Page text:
Dezeen Magazine

Portrait of Manuelle Gautrand

Manuelle Gautrand wins "highest award" for European architects

French architect Manuelle Gautrand has been named as this year's laureate of the European Prize for Architecture, making her the first woman to receive the accolade.

The annual European Prize for Architecture was set up in 2010 to recognise European architects who have made a commitment to advance "the principles of European humanism and the art of architecture".

Danish architect Bjarke Ingels, the founder of architecture firm BIG, and Spanish architect Santiago Calatrava are among the previous winners of the prize described as the "highest award for architecture".

Gautrand's most recognised work includes the angular Cité des Affaires office building in French city Saint-Etienne

Gautrand, who runs Paris-based Manuelle Gautrand Architecture, is both the first female and the first French architect to be named laureate. She was selected in recognition of her "boldness and non-conformity" by the organisers, The European Centre for Architecture Art Design and Urban Studies and The Chicago Athenaeum: Museum of Architecture and Design.

"All her projects express a specific relationship to the site: a desire to revive it and enchant; a deep commitment to working on the programmes entrusted to the firm, make them even more efficient, more malleable and more unexpected," said president of The Chicago Athenaeum, Christian Narkiewicz-Laine.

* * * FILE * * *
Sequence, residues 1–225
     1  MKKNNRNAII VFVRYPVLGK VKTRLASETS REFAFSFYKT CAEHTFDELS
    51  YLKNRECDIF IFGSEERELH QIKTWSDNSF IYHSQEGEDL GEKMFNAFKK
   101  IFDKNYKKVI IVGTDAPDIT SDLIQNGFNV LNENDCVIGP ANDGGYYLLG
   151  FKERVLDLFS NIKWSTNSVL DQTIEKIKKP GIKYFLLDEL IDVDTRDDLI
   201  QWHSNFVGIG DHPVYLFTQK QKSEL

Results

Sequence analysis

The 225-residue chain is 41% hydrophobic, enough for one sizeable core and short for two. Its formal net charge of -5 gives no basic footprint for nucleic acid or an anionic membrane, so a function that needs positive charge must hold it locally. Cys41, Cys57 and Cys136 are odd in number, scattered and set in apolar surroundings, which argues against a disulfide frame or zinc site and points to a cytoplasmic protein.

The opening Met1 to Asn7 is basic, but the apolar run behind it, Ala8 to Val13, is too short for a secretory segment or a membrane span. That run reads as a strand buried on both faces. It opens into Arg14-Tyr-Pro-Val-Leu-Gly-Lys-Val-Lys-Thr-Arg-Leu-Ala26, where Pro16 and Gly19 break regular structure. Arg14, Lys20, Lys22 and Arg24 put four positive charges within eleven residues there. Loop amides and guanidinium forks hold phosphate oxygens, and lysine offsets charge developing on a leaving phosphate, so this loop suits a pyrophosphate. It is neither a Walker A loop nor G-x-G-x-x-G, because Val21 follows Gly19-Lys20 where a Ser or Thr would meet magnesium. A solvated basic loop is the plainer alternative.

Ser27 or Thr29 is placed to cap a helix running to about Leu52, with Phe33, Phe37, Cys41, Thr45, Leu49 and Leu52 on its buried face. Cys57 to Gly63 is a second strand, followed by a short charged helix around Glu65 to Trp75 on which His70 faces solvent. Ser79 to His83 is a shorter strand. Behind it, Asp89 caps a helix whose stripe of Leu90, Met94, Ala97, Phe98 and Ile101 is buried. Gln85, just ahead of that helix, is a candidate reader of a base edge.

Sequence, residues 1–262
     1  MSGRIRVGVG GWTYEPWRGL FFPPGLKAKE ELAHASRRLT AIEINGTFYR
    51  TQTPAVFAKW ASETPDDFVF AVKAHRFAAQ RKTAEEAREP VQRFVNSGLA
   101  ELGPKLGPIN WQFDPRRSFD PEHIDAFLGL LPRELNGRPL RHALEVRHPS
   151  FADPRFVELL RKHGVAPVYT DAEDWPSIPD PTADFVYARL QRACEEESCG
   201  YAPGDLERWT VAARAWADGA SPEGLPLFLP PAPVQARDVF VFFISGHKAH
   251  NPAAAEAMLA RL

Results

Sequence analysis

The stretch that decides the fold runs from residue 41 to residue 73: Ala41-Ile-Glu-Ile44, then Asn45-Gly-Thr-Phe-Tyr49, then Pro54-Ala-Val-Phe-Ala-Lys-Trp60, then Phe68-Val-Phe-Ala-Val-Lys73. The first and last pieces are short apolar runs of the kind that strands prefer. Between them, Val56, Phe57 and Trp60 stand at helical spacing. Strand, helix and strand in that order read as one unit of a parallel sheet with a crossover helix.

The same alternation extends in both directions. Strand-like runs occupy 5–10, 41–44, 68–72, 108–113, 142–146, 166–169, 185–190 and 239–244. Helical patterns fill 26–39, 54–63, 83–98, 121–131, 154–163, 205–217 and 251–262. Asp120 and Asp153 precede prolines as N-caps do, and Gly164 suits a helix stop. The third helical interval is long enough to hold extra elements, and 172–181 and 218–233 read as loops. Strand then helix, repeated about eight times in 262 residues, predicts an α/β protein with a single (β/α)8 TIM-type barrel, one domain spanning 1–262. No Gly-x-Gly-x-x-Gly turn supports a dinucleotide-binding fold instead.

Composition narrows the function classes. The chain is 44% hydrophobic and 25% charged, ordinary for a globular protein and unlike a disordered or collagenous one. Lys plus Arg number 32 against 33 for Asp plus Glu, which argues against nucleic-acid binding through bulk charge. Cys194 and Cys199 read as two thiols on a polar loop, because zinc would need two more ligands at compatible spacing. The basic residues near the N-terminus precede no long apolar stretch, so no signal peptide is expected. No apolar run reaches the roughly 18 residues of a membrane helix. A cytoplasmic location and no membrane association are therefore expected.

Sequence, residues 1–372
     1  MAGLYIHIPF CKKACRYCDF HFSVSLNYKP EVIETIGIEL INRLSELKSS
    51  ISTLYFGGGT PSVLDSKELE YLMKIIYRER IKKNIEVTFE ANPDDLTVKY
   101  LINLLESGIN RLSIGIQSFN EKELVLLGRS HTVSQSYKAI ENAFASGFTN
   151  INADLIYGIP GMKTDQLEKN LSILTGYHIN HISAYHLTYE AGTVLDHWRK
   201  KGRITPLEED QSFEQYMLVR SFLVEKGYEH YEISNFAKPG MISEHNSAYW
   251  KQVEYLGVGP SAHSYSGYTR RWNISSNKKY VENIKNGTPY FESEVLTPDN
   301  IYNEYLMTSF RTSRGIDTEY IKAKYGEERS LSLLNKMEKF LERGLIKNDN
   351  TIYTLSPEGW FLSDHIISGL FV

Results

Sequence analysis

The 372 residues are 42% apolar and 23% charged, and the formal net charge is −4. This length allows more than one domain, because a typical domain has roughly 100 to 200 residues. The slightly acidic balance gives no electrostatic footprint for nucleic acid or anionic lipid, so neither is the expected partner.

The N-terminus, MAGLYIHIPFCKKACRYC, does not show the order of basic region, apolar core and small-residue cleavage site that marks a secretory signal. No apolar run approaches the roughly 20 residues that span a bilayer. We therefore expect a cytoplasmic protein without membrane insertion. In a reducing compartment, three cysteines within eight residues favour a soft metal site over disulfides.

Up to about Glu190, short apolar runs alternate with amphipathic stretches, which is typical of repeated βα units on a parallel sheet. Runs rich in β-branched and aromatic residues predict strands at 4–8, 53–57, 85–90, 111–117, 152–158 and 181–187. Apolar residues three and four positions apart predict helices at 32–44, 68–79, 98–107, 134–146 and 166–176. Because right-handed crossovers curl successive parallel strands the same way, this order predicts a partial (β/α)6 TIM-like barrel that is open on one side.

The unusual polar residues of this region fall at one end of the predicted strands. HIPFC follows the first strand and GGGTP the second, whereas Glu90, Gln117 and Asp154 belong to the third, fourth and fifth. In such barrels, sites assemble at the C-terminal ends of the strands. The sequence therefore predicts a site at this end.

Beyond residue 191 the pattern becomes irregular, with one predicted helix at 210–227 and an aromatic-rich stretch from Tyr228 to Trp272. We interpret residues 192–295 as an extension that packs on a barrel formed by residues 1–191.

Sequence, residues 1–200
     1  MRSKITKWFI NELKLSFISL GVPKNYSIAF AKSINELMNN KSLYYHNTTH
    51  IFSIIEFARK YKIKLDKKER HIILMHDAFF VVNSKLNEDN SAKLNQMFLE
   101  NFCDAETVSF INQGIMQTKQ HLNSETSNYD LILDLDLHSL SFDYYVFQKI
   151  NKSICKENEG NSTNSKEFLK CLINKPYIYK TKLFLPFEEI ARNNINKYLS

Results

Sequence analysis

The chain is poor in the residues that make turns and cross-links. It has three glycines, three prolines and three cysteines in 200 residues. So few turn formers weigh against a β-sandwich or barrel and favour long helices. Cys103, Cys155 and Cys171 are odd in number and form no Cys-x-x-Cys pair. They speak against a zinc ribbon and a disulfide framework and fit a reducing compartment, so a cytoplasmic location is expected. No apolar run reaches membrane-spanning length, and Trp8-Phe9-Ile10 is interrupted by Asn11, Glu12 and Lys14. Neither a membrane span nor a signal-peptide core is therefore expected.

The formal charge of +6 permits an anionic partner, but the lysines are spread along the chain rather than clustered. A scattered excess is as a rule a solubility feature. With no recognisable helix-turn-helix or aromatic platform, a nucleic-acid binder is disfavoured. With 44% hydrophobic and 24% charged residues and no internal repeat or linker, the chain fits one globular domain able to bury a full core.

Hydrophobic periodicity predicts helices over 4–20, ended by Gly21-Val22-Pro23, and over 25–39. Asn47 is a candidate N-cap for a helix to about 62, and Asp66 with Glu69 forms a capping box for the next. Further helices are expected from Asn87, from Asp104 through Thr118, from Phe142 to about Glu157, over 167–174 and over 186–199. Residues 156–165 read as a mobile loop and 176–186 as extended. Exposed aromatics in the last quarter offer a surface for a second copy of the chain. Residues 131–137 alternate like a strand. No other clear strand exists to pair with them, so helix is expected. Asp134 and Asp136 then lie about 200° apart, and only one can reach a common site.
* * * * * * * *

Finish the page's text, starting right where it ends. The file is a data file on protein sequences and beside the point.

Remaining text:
"Her works admirably and poetically fulfil the traditional requirements of architecture for physical and spatial beauty along with function and craftsmanship, but what sets them apart is their approach that creates buildings and places that are both local and universal at the same time," Narkiewicz-Laine added.

Other well-known works include the Lille Métropole Musée d'art moderne, d'art contemporain et d'art brut at Villeneuve d'Ascq

After graduating from The École Nationale Supérieure d'Architecture of Montpellier in 1985, Gautrand worked for six years in Parisian architecture studios before she founded her eponymous studio in Lyons in 1991 with partner Marc Blaising.

The team moved to Paris three years later and has completed a number of cultural facilities such as theatres, museums, and cultural centres, as well as office buildings, housing and commercial spaces.

Among her best-recognised work is the angular Cité des Affaires office building in French city Saint-Etienne. Completed in 2011, the building and is looped around a courtyard and features a bright yellow underbelly.

The firm's other well-known accomplishments include an extension to the Lille Métropole Musée d'art moderne, d'art contemporain et d'art brut at Villeneuve d'Ascq and the green-hued Hipark Hotel.

Last year, Manuelle Gautrand Architecture completed an orange-toned events building in Saint-Louis comprising 13 blocks.

By awarding its first female laureate, the European Prize for Architecture forms part of a growing focus on gender-equality in the industry.

Earlier this year in an Opinion column for Dezeen, Danish architect Dorte Mandrup called for an end to the term"female architect", arguing that its use was a step in the wrong direction for equality.

Former laureate Bjarke Ingels also got caught up in the debate after an Instagram post of BIG's 12 partners featured only one woman.

Sheela Maini Søgaard, the only woman among the team, later spoke out to defend the gender balance and diversity in the firm.

Portrait of Manuelle Gautrand is by Studio Gaudin Ramet.